Public Safety

Contact Us

Monroe Town Hall Offices
7 Fan Hill Road
Monroe, Connecticut 06468

PHONE(203) 452-2800
HOURSMonday - Thursday

8:30 a.m. to 4:30 p.m.
Friday
8:30 a.m. to 1:30 p.m.

Other Emergency Conditions

Other emergency conditions that you and your family should prepare for…

(Please click on the topic below for more information)

House Fire Family Contact Plan
Thunderstorms Disaster Kits
Hurricanes Water
Winter Storm/Winter Safety Pet Planning
Power Outages Additional Resources

House Fire

Before a fire:

  • Check smoke detectors monthly
  • Change your clock, change your batteries.
  • Know your escape routes and have a meeting place


During a fire

  • Get everyone out and stay out.
  • Call 911 and report the fire
  • Gather at your meeting place and stay there.

Thunderstorms

Before a thunderstorm strikes:

  • Clear dead trees and cut branches from around your house.
  • Secure loose outdoor objects such as patio furniture.
  • Shutter windows and secure exterior doors.

 

During a thunderstorm

  • Get or stay inside if, after seeing lightning, you cannot count to 30 before hearing thunder.
  • Do not shower or bathe.
  • Do not use a corded telephone, except in an emergency.
  • Unplug electronics.

Hurricanes

Before a hurricane:

  • Shutter or board windows.
  • Secure or bring in outdoor objects
  • Stock up on water and dry and canned food.
  • Fuel up your car.

During a hurricane:

  • Take refuge on the ground floor in a central room or hallway.
  • Get under a table or similar strong object.
  • Keep away from windows and glass doors.
  • Close all inside doors and brace all outside doors.

Winter Storm

Before a winter storm:

  • Stock up on food, water, medicine, and heating fuel.
  • Secure an approved alternative heat source.
  • If possible, secure an approved auxiliary electrical generator.

During a winter storm:

  • Wear layered clothing and a hat outdoors
  • Don’t overexert yourself while shoveling snow.
  • Watch for signs of frostbite: loss of feeling along with paleness in the tip of nose, fingers, toes, and earlobes.
  • Beware of hypothermia. Signs include shivering, slurred speech, drowsiness, and disorientation.
  • Avoid driving at night or alone unless in an emergency.

Winter Safety Suggestions

Here are some quick safety tips:

  • Please drive slowly and safely while preparing enough travel time to reach your destination.
  • Make sure you have enough fuel and winter supplies in your vehicle in the event you are stuck or stranded.
  • If possible, please move all vehicles off the streets so snow plows can efficiently clear the roadways.
  • Remember to dress in layers when venturing outdoors.
  • When shoveling take breaks and bend at the knees.
  • Please check on any elderly residents in the event they need assistance.
  • Bring all pets indoors and out of the cold for pet health safety.
  • This is the time to contact your landlord, fuel provider and any other contractor in making sure furnaces, fuel sources and other electrical and heating units are working properly.
  • Keep a list of contractors or fuel providers handy in the event equipment fails or if they are needed.
  • Never use your gas oven as a heating source.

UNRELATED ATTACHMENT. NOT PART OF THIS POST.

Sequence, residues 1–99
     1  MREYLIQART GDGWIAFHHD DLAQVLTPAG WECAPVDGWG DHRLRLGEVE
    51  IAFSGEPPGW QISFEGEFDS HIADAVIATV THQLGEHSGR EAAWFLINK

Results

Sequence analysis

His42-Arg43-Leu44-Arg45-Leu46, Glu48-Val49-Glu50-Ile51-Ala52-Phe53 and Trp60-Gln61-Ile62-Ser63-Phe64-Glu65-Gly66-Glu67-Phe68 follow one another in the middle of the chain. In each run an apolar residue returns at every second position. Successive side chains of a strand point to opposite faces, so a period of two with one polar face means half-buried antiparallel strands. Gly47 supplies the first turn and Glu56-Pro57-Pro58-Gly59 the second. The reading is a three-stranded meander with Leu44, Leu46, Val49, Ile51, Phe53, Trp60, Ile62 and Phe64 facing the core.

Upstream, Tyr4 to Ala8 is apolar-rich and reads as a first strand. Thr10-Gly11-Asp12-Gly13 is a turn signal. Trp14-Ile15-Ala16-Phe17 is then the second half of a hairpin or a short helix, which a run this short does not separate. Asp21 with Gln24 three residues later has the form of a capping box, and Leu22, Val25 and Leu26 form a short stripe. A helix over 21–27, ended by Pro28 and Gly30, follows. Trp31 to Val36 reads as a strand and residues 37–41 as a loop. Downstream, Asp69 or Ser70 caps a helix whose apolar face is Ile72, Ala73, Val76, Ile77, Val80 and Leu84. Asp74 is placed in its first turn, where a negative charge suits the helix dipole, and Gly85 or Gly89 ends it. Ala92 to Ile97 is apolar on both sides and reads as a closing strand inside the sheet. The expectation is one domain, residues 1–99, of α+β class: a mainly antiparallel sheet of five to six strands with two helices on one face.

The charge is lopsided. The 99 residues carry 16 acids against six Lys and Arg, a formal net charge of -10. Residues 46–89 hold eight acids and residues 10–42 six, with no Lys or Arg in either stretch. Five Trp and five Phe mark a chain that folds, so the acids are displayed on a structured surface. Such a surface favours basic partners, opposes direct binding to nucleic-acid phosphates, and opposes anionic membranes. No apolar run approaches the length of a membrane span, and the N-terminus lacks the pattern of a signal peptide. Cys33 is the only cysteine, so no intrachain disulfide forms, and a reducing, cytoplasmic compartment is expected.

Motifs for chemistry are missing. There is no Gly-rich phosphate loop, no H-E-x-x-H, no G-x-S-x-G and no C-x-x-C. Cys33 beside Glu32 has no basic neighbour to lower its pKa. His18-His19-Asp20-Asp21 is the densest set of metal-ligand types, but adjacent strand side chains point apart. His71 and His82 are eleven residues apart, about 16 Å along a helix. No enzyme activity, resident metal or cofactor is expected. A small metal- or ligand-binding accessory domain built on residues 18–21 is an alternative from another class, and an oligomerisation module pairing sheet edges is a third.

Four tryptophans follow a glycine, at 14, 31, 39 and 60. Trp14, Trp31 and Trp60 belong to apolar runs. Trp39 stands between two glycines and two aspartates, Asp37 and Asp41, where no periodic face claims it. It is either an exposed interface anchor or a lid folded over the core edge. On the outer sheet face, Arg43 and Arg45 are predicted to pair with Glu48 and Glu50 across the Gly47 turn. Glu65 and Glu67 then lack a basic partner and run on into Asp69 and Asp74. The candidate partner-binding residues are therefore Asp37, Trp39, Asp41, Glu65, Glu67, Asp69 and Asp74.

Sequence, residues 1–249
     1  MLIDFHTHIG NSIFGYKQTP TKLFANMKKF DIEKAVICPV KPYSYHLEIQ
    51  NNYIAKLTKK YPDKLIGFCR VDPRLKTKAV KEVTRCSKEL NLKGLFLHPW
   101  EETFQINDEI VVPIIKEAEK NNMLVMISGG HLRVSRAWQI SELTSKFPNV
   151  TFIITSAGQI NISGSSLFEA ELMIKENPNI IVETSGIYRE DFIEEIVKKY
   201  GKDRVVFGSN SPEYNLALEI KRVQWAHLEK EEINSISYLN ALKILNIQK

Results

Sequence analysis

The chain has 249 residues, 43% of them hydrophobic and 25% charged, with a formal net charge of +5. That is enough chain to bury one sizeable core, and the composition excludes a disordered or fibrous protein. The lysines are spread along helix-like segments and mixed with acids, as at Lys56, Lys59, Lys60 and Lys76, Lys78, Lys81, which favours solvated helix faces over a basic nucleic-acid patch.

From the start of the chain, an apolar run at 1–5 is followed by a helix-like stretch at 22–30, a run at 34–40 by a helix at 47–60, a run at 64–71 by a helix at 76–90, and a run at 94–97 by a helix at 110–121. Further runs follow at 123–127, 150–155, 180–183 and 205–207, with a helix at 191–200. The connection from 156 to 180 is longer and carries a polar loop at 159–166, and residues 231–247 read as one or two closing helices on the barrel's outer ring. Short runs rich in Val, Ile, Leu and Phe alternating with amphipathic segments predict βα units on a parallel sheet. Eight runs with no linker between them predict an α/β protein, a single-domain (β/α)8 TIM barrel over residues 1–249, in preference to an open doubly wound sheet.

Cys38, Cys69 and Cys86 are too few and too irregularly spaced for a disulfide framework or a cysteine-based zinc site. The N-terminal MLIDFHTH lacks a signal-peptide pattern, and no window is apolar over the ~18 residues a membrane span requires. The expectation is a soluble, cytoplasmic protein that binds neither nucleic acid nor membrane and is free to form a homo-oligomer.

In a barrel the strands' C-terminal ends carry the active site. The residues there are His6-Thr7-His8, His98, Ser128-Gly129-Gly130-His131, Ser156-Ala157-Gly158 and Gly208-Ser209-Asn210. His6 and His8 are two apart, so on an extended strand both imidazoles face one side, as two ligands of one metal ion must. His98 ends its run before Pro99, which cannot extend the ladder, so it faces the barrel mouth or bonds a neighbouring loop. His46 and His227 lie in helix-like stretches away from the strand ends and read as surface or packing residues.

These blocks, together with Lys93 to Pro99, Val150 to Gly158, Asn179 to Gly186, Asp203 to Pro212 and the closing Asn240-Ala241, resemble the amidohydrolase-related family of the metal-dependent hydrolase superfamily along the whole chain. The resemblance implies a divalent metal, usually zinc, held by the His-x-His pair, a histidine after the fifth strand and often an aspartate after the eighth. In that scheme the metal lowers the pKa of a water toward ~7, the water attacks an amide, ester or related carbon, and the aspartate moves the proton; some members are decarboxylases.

• Create a plan of action to evacuate to a friend or relatives home in the event of any heating failure to your residence.
  • In the event of a power outage BE EXTREMELY CAREFUL WHEN USING CANDLES.

Power Outages

  • Power outages can occur for a variety of reasons and at any time, however they are most common during adverse weather events. Outages are usually of short duration but can run well over a week in some situations. When they occur, restoration priorities include critical infrastructure locations including hospitals, police and other emergency services as well as public water companies. Another priority is to eliminate hazards from downed wires, broken poles or damaged trees that could cause additional damage or injury. Thereafter restoration progresses from main lines, substations and branch networks before being restored to individual homes. For residents with overhead wire service, damage to the service line on the house is the responsibility of the homeowner and must be serviced by a qualified electrician.
  • Outages that are caused by weather events usually allow some time for preparation, however those caused by accidents or other events can arrive without warning. Any homeowner emergency plan should include a supply of drinking water, food and a properly vented heat source. It should also include procedures to prepare your home for your potential absence and provision for pets or domestic animals.
  • Large scale, long-term power outages may result in the opening of emergency shelters within our town. If and when a shelter is open, our initial shelter will be the Monroe Senior Center at 235 Cutlers Farm Raod. If the situation becomes larger, several of our local schools would be available as longer-term shelters. In addition to those facilities, the LEPC has plans to use still other facilities, (churches, banquet halls, etc.) for other shelters. Notice of the use of these facilities will be announced on the area radio stations as well as our local WMNR (88.1 FM).
  • Refrigerated or frozen food will remain safe far longer if refrigerator/freezer doors are opened only when absolutely necessary. All refrigerated items should be assessed for safety after power has been restored. When in doubt, throw it out.